Beach huts with grand designs

Beach huts with grand designs: As Dorset beach-goers queue for 24 hours to secure a mini des res, author VERONICA HENRY reveals modern day huts include Smeg fridges, built-in cocktail bars and barbecues the size of a small car

Every year, I have a phone notification set for the day bookings open for beach huts in North Devon, where I live, so I can be sure to get the one I want.

When I started renting nearly 20 years ago, you could just rock up on the day. Now, you have to be up with the lark — just like those in Dorset this week who queued for more than 24 hours to secure a mini des res.

But don’t expect to relax once you’ve secured your chosen one. I’m already sourcing accessories to make my summer statement — a cashmere blanket, vintage picnic baskets, a retro cocktail shaker.

A beach hut used to be a glorified shed. At most it would harbour a few deck chairs and perhaps a portable stove. They were practical, one step up from a tent. Now, huts, which can sell for well into six figures, have become the ultimate status symbol.

They have become an inspiration for the Instagram generation and the hashtags #beachhutlife and #beachhutstyle throw up imaginative seaside interiors.

As the author of five best-selling Beach Hut series novels, and a judge for the Beach Hut of the Year awards, I’ve seen all manner of marvellous interiors.

Traditionalists stick to a blue-and-white colour scheme with nautical accessories — ropes and seashells — but the world is now your oyster when it comes to expressing yourself. Red polka dots, pops of neon and ice-cream pastels are all the rage.

I’ve seen Smeg fridges and gas barbecues the size, and price, of a car. As for picnics, you can’t just bring sausages wrapped in foil — you need a trendy tiffin tin. And forget squash and cans of lager. It’s themed cocktails and artisanal ale.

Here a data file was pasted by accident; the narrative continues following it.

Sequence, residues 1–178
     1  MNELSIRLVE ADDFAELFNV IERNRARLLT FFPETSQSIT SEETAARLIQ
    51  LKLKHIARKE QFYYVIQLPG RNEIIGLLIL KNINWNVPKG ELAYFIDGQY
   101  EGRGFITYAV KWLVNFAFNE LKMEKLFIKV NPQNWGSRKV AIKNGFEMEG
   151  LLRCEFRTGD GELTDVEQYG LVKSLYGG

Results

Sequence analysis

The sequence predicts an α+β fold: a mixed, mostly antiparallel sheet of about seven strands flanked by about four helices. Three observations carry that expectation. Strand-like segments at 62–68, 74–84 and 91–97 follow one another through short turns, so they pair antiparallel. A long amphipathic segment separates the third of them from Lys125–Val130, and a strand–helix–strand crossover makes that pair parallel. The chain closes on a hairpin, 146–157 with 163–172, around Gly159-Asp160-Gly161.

Gone are the days of flopping onto a car rug with an ice cream. Your entire holiday could be dedicated to making sure you’re Insta-ready, down to the last cocktail umbrella. There’s no rest for the wickedly hip!

  • The Impulse Purchase by Veronica Henry is out on Feb 3, 2022.

A TOUCH OF HOPE: Painted in red with a rainbow across the doors, Hope brings a splash of colour to any beach day. Vicky Gunn added Hope to her ‘Millie’s Beach Huts’ stable in 2016, but gave her a makeover last year. ‘There are no mod cons, no WiFi,’ laughs Vicky, from Essex. ‘But I have better crockery here than at home. Lots of people found beach huts recently and expect a high standard; they want good Instagram photos.’ (millies Worth: £50,000

BUILD ME UP, BUTTERCUP:  Nikki Devereux’s beach hut has been part of the family since 1999, when Mike, who was best man at her wedding, bought it. She and her three kids loved visiting it and, when he died, Mike left the 20ft-by-8ft hut to them. Nikki, 60, has transformed the hut, named Buttercup, in Southend-on-Sea, Essex. ‘Mike had kept it very basic but I’ve turned it into a bright, colourful, cosy bolthole,’ says Nikki, who works as a celebrant. The hut includes a large terrace and a kitchen area with a stove/oven fuelled from a gas bottle. Worth: £80,000

AN ENCHANTED PLACE TO BE: For years, Caroline Petherbridge dreamt of owning a beach hut. But the married mother-of-two feared the cost would be too much. However, last May the 51- year-old took the plunge. Among the £40,000 huts she saw a 1960s flat-roof hut — measuring 8ft by 12ft — at Walton-on-the-Naze, Essex, for £28,000 as it needed renovating. Together with friends, she bought the hut. ‘We spent the summer using it and then knocked it down to build a new one, which cost £5,000,’ Caroline explains. ‘It’s named The Enchanted Place, a nod to the Winnie-the-Pooh books. I ­furnished it for just £300’. Worth: £28,000

RETRO HEAVEN: Beach huts have a timeless appeal, but this one in Barton-onSea in the New Forest has gone back to the 1940s. Owner Melanie Swain turned this hut into a retro hideaway, inspired by her late grandparents. The hut is stacked with 1940s furnishings, down to original wallpaper. Glass doors have replaced the front door to highlight the view. ‘The hut has a calming feel,’ says Melanie. ‘It’s a hug in a deckchair’. Worth: £35,000

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BANG FOR YOUR BUCK: Mudeford Spit in Christchurch Harbour, Dorset, holds the title for housing the most expensive beach huts in Britain. This one, bought for £333,000 in 2017 and now worth an estimated £500,000, is available to rent via Airbnb and is unusual among beach huts as it allows overnight stays. This hut has solar power and a fridge. Toilet and shower facilities require a walk, but there is a water butt, which at £339-a-night at peak season is the least you’d hope for